Insulin ResistanceMetabolic pony

The problems covered on this website are all comparatively rare in horses that live on more mature, older, low fertility pasture or who live on predominantly hay diets even though they may spend most of their days confined to stables or pens.

There are plenty of examples of very healthy older horses still leading useful lives in their late 20’s and 30’s who have led confined lifestyles but had a predominantly hay diet.

Horses who, on the other hand, have been born and raised on vegetative pasture are more often than not, finished their useful life before they are 20. They frequently show signs of early aging with the onset of arthritis, dropped backs and Cushing’s disease.

Horses can be obese and metabolic or obese without being metabolic or metabolic without being obese.



Insulin Resistance (Metabolic Syndrome), Obesity and Grass Induced Laminitis.
Horses (& ponies) can be metabolic and not have laminitis.

Metabolic horses suffer ‘bouts’ of laminitis which coincide with a change in the grass, most notably two days after rain in spring and autumn.
Horses (& ponies) that show no outward signs of being either obese or metabolic can also get laminitis.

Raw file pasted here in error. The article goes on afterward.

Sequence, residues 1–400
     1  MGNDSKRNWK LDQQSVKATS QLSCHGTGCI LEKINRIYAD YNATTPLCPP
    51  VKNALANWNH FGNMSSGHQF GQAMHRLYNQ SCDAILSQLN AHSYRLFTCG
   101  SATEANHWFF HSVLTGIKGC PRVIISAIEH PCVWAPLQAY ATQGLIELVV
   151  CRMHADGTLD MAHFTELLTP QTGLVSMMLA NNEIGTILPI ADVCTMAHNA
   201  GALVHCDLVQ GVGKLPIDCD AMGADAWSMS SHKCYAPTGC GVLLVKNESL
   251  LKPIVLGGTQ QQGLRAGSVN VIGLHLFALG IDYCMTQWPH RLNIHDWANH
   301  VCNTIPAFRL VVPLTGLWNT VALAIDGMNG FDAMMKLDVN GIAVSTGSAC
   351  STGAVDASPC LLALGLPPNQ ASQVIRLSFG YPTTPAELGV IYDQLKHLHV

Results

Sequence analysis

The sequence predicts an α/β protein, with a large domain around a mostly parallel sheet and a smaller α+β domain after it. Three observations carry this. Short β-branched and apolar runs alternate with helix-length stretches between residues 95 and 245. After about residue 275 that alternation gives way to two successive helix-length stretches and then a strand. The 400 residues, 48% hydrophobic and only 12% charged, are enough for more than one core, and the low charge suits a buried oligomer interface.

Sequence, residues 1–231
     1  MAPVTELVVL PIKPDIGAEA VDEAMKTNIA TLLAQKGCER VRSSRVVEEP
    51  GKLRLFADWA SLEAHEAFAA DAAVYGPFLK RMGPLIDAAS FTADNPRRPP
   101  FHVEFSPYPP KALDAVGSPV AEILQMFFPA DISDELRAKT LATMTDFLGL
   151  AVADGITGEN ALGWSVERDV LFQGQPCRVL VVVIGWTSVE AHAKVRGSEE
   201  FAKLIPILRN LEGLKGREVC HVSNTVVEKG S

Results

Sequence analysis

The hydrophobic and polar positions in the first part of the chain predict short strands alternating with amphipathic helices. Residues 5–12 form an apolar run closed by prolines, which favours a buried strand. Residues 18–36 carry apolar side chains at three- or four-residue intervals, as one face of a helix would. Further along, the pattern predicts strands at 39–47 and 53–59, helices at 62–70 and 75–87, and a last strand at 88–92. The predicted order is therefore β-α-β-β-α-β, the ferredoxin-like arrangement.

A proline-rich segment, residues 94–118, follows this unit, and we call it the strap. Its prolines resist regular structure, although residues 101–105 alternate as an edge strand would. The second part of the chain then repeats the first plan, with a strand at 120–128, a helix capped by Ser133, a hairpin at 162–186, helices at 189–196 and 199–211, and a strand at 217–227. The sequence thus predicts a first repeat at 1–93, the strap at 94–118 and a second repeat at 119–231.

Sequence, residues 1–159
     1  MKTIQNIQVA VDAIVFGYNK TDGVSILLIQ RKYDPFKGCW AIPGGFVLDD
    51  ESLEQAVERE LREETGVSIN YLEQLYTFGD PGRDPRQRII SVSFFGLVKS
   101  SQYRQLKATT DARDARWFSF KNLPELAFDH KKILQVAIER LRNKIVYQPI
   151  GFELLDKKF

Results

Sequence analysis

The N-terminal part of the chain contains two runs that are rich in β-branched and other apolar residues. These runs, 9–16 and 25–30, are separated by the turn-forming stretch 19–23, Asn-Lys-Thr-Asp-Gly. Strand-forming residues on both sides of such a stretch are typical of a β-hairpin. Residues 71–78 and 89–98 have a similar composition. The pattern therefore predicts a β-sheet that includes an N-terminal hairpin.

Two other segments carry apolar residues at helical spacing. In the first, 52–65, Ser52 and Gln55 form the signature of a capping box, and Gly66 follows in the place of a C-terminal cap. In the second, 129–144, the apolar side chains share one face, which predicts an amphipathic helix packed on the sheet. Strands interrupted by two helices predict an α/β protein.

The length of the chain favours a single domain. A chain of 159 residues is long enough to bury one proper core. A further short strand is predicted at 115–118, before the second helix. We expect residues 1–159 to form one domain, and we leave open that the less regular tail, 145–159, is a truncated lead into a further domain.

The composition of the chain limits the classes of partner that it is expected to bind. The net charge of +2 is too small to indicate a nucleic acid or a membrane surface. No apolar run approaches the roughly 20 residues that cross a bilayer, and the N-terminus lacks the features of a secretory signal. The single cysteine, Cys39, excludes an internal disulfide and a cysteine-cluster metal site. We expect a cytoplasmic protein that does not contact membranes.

The horse on the right is both obese and metabolic.Insulin resistant pony It is easy to see the cresty neck and the abnormal fat distribution: the pads of fat behind the shoulder, on the tail-head and sides of the rump, all give-away signs of ‘metabolic syndrome’ or insulin resistance.
Horses in this condition are very prone to bouts of laminitis when the grass changes in spring and autumn and any other time of the year there is a flush of growth or a potassium spike after several consecutive cloudy days.


Danny Boy

Danny BoyThis grey horse (Danny) is metabolic but not obese. It is not obvious in this picture but you could see his ribs. He shows the signs of being metabolic, tight muscles, ‘stiff’ cresty neck, pads of fat, puffiness around bloodshot eyes.
Sure enough he would get laminitis every time it rained - UNTIL he had six months on a high fibre, minerally balanced diet which included 60gms salt/day.

Danny enjoying life

He is no longer ‘metabolic’, his movement is soft and fluid and, well into his twenties, he now loves to canter and play with the other horses.

Obese but not Metabolic


Tranquility, just back into work after some time off, is obese here, but shows no signs of being metabolic. She does not have a cresty neck, does not show any signs of abnormal fat distribution, and is not puffy around the eyes.

However, she is clearly an easy keeper and could easily become ‘metabolic’ if her diet isn’t managed carefully.


For tips on how to manage your pasture click here...